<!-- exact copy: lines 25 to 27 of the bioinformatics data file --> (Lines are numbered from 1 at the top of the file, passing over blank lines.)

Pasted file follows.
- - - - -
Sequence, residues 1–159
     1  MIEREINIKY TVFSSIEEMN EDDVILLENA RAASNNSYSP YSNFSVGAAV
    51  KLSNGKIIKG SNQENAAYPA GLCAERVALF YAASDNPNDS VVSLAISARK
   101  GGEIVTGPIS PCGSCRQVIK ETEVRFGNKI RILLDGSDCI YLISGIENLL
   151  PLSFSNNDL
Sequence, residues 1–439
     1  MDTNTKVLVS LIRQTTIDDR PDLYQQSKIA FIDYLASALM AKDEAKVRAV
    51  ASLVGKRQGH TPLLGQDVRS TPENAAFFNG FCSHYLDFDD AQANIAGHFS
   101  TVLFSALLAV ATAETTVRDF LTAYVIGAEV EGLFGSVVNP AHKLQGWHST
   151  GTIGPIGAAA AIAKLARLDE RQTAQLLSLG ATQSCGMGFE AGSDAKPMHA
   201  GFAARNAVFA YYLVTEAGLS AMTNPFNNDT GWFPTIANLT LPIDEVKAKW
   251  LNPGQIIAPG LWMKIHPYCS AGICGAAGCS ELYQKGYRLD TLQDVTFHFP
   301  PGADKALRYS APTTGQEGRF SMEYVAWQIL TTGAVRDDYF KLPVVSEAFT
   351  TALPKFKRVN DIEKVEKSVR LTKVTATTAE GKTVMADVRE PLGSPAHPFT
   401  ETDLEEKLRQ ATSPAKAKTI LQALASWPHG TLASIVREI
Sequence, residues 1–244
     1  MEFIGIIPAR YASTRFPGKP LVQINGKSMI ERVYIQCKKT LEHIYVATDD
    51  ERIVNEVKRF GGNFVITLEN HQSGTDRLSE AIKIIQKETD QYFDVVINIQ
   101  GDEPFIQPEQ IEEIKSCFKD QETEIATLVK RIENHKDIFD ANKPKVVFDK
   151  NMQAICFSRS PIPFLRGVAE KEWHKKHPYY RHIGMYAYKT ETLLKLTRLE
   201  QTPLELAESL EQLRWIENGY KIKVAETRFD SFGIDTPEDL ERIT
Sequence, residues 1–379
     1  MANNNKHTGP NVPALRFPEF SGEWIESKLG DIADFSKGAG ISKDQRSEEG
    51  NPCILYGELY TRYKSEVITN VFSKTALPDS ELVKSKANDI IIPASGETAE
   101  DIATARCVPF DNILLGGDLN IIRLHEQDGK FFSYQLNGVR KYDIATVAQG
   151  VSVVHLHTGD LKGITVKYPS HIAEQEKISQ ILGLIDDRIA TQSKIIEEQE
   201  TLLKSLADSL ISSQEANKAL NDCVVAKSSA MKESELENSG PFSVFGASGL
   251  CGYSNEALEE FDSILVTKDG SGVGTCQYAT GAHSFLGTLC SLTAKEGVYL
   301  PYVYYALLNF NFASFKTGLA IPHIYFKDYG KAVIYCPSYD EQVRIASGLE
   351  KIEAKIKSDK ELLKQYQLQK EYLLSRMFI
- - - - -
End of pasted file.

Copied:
   101  DIATARCVPF DNILLGGDLN IIRLHEQDGK FFSYQLNGVR KYDIATVAQG
   151  VSVVHLHTGD LKGITVKYPS HIAEQEKISQ ILGLIDDRIA TQSKIIEEQE
   201  TLLKSLADSL ISSQEANKAL NDCVVAKSSA MKESELENSG PFSVFGASGL